Congressional Testimony

Tuesday, July 18, 2017

Chairman Young, Ranking Member Merkley, and members of the subcommittee, thank you for the invitation to come and speak with you today about the unprecedented food security crisis the world is facing.

My name is Matthew Nims, and I am the Acting Director of USAID’s Office of Food for Peace (FFP). The United States has long been the largest provider of emergency food assistance in the world and we are grateful for your continued support to humanitarian efforts and raising awareness to the struggles of the world’s most vulnerable people. Food for Peace uses a mix of tools to respond to emergency food needs, including U.S. commodities, locally and regionally procured food, vouchers, cash transfers and other complementary activities to reach the world’s most food insecure with lifesaving aid. We also support development programs that address the root causes of hunger in areas of chronic crisis to build resilience and food security of local communities.

Tuesday, July 18, 2017

The Global Food Security Act sent a clear message that the United States is committed to addressing the root causes of poverty and hunger by equipping people with the tools to feed themselves. Feed the Future, guided by the Global Food Security Strategy, is leveraging investment from partner countries and the private sector to reduce reliance on humanitarian aid, promote American prosperity, deliver results, and build stability around the world. What began as the U.S. Government response to the 2008 global food crisis under President George W. Bush, led to a mobilized commitment and investment from other donors and countries in targeted, long-term food security solutions. These efforts continue today in many of the world’s most vulnerable countries, including those faced with the specter of famine and insecurity.

Thursday, July 13, 2017

USAID supports U.S. national security interests, promotes American prosperity, and advances American leadership by helping our partners recover from conflict, foster stability, and promote inclusive governance and economic growth.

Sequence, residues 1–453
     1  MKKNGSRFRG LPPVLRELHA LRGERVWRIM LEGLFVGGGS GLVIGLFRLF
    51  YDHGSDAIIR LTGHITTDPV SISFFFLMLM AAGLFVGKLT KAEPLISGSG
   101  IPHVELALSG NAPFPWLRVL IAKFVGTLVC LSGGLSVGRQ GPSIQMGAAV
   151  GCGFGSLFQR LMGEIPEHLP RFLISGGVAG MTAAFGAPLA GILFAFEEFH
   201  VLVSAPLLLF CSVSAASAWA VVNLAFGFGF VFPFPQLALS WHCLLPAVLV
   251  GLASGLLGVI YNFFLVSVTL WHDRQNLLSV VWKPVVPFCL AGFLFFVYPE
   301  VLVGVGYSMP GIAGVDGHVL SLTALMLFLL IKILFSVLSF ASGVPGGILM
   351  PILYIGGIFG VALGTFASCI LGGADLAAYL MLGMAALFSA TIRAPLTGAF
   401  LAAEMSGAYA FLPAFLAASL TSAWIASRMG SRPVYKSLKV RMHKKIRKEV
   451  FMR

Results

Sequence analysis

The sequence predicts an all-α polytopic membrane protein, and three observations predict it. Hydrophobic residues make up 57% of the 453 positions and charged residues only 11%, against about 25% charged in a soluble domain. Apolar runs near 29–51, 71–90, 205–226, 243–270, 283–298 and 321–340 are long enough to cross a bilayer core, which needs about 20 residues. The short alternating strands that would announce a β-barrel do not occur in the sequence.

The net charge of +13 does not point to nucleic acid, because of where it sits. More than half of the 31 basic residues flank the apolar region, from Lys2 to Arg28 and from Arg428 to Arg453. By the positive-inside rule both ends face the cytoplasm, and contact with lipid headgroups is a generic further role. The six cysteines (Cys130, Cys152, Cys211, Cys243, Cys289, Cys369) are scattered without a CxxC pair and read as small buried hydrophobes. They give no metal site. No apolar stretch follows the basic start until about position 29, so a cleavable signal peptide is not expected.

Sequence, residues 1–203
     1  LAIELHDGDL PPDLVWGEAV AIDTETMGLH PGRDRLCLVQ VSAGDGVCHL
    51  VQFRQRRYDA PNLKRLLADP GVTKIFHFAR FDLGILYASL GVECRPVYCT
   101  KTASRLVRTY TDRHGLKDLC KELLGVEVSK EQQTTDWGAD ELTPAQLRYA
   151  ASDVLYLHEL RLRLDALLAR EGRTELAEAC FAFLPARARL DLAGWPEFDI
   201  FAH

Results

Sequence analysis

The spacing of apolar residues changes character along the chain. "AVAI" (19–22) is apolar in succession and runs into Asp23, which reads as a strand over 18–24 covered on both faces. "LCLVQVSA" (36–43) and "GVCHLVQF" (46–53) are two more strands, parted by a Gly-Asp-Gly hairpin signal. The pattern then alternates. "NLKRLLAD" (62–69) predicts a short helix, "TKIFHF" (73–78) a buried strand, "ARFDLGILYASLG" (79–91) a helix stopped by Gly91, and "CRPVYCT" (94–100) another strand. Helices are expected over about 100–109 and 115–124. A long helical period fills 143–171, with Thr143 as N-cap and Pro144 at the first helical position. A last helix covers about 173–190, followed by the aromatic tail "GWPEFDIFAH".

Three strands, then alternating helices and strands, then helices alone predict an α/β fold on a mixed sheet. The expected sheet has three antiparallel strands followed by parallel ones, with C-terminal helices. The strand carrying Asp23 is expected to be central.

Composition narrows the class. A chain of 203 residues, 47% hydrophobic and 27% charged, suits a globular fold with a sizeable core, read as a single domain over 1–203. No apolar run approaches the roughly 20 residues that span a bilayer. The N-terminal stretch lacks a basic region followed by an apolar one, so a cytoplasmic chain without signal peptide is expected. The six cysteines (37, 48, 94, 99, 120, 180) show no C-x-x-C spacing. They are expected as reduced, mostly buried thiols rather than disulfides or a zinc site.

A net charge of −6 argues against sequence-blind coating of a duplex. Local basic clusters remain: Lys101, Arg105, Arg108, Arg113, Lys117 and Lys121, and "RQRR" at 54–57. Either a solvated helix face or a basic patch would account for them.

With this request, we will continue to work with our international partners and those in the region to prioritize mutually identified areas of need that advance U.S. national security goals.

As Acting Assistant Secretary Jones noted, the crises in the region have a direct impact on U.S. national security and economic prosperity. The programs that USAID implements, with your continuing oversight and support, enhance regional security, resilience, and prosperity – benefits that are directly connected with American national security and prosperity.

Wednesday, July 12, 2017

USAID programs in Latin America and the Caribbean play a critical role in our national security. Our efforts in the region promote security and prosperity in the United States and the Western Hemisphere by providing alternatives to youth at risk for violence and illegal migration; giving rural farmers an alternative to coca cultivation; strengthening governments’ ability to combat crime and disrupt transnational criminal organizations that traffic in drugs, weapons, and people; supporting transparent and accountable governance and anti-corruption efforts; and creating an economic environment in which the private sector can flourish, create jobs, and open markets for American businesses.

Tuesday, March 28, 2017

In 2017, we are confronted with major humanitarian crises around the world, which demand that the world provide an immediate, substantial, and creative response. The USAID-funded Famine Early Warning Systems Network, or FEWS NET, has warned that this year an unprecedented 70 million people across 45 countries will be in need of emergency food assistance, largely driven by persistent conflict, severe drought and economic instability.